Editorial References And Fact-Checking

  • Niacinamide. (2022, November 7). Susan G. Komen®. https://www.komen.org/breast-cancer/survivorship/complementary-therapies/niacinamide/
  • Matts, Paul & Oblong, John & Bissett, D.L.. (2002). A Review of the range of effects of niacinamide in human skin. Int Fed Soc Cosmet Chem Mag. 5. 285-289. 
  • Goa, Karen L., & Benfield, Paul. (1994, March 1). Hyaluronic Acid. Springer Link. https://doi.org/10.2165/00003495-199447030-00009
  • Gehring W. Nicotinic acid/niacinamide and the skin. J Cosmet Dermatol. 2004 Apr;3(2):88-93. doi: 10.1111/j.1473-2130.2004.00115.x. PMID: 17147561.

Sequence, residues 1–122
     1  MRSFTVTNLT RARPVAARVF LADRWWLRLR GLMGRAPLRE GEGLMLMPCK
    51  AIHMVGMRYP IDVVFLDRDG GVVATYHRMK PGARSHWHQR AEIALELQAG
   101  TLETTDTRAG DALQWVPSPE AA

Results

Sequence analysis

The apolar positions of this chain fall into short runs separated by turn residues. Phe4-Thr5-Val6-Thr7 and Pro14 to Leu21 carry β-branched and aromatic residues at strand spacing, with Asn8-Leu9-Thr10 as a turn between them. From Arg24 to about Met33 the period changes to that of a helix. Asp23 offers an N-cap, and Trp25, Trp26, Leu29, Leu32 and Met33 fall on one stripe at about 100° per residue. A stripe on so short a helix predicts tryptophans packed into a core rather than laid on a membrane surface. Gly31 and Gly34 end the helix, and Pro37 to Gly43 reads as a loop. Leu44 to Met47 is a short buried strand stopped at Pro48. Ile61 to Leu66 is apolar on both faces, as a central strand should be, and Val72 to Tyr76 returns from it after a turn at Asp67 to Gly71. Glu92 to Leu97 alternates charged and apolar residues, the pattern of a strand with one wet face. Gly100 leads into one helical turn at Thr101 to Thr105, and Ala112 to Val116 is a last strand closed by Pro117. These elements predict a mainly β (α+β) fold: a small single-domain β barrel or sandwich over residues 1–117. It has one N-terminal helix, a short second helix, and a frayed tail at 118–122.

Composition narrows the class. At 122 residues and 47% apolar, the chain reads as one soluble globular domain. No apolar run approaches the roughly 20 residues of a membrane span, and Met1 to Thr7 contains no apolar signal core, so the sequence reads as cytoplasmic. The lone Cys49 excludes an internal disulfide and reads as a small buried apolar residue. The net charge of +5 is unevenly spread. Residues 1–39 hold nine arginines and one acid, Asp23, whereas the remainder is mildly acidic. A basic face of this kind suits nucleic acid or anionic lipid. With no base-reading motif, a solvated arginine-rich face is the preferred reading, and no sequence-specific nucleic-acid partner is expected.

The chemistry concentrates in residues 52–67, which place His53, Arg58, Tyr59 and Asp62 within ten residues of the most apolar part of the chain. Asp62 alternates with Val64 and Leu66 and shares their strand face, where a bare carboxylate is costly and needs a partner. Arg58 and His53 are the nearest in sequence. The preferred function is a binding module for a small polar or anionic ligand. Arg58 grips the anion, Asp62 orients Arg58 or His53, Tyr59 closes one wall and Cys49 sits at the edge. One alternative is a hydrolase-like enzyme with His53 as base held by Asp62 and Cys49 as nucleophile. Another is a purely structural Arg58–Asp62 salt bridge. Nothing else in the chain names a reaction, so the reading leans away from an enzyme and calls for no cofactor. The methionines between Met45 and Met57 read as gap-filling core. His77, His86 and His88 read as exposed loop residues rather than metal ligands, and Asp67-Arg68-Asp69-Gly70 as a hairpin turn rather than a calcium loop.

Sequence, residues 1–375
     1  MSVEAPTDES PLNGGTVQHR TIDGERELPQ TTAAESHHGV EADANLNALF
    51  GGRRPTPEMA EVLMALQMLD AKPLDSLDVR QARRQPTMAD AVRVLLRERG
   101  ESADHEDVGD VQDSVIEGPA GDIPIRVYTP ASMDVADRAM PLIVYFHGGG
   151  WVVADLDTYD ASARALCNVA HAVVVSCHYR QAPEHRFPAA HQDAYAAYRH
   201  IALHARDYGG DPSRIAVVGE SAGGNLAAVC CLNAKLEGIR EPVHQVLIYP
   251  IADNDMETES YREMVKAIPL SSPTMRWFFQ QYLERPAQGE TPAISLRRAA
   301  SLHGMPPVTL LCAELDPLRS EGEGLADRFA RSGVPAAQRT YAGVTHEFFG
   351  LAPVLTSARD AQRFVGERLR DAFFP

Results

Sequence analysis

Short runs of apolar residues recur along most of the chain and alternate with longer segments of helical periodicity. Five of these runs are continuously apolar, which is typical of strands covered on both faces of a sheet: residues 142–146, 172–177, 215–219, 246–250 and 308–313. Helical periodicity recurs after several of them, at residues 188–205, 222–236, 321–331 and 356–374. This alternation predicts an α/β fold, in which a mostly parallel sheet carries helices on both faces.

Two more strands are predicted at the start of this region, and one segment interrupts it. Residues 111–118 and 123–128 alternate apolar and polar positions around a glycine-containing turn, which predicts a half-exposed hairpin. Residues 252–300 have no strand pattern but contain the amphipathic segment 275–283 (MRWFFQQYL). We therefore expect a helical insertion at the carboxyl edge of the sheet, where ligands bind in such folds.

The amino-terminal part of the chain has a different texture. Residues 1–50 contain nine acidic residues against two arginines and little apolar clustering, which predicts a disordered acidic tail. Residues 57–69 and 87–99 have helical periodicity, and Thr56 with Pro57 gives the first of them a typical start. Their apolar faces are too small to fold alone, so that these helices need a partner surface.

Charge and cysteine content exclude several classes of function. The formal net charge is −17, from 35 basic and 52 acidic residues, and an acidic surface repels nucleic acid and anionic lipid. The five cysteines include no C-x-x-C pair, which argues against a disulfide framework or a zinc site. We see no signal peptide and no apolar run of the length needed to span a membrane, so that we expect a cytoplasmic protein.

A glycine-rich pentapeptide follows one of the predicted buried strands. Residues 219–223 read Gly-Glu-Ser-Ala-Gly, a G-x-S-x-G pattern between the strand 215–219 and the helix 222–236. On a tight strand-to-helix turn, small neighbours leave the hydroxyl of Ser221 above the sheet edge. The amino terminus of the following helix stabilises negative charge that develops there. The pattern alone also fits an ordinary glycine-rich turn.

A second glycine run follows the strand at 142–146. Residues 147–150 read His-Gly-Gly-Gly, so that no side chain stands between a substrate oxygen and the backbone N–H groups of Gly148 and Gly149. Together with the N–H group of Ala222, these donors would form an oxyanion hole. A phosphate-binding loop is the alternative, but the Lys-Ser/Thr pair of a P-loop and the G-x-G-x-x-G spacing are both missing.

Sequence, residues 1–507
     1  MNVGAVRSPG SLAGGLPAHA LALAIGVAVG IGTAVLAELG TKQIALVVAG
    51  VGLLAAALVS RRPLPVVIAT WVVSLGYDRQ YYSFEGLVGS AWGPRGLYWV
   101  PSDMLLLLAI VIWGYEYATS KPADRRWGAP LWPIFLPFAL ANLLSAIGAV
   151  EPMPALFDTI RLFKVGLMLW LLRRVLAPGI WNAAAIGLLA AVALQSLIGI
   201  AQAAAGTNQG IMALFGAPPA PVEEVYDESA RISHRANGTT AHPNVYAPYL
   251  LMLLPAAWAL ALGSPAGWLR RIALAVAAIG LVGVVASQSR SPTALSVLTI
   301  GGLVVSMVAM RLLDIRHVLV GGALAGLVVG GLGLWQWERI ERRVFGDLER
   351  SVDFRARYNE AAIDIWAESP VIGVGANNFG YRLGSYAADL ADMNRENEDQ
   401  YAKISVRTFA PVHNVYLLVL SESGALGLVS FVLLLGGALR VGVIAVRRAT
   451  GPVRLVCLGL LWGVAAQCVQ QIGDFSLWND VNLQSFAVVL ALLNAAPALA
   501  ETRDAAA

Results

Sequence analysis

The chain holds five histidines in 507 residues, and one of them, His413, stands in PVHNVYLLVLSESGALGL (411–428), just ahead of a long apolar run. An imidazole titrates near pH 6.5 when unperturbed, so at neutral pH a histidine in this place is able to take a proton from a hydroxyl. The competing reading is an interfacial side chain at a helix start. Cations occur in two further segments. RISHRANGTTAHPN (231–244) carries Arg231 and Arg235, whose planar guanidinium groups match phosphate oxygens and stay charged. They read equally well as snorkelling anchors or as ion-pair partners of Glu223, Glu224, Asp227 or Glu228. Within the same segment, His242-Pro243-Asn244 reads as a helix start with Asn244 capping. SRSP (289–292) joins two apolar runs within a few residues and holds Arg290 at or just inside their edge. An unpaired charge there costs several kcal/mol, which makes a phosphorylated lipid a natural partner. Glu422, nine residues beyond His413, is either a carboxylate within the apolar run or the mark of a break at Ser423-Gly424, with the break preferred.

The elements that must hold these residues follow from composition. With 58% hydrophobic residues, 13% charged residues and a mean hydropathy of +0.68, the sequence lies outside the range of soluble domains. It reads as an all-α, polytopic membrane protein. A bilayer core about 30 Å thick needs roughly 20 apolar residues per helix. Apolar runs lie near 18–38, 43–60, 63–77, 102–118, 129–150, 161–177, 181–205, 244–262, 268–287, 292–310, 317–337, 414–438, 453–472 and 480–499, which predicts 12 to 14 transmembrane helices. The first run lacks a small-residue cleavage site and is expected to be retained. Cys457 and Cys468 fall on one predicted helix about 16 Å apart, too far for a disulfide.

• Bierman JC, Laughlin T, Tamura M, Hulette BC, Mack CE, Sherrill JD, Tan CYR, Morenc M, Bellanger S, Oblong JE. Niacinamide mitigates SASP-related inflammation induced by environmental stressors in human epidermal keratinocytes and skin. Int J Cosmet Sci. 2020 Oct;42(5):501-511. doi: 10.1111/ics.12651. Epub 2020 Aug 20. PMID: 32657437.

Charish is a Registered Nutritionist-Dietitian (RDN) who really enjoys helping her readers understand their dietary habits better. She has impressive experience and knowledge about the nutritional values of various foods and ingredients and enjoys informing her readers about popular diets, supplements, and herbs. Charish harnesses her nutritional expertise to inspire and empower people to make positive, healthy changes through what they eat (and drink!). LinkedIn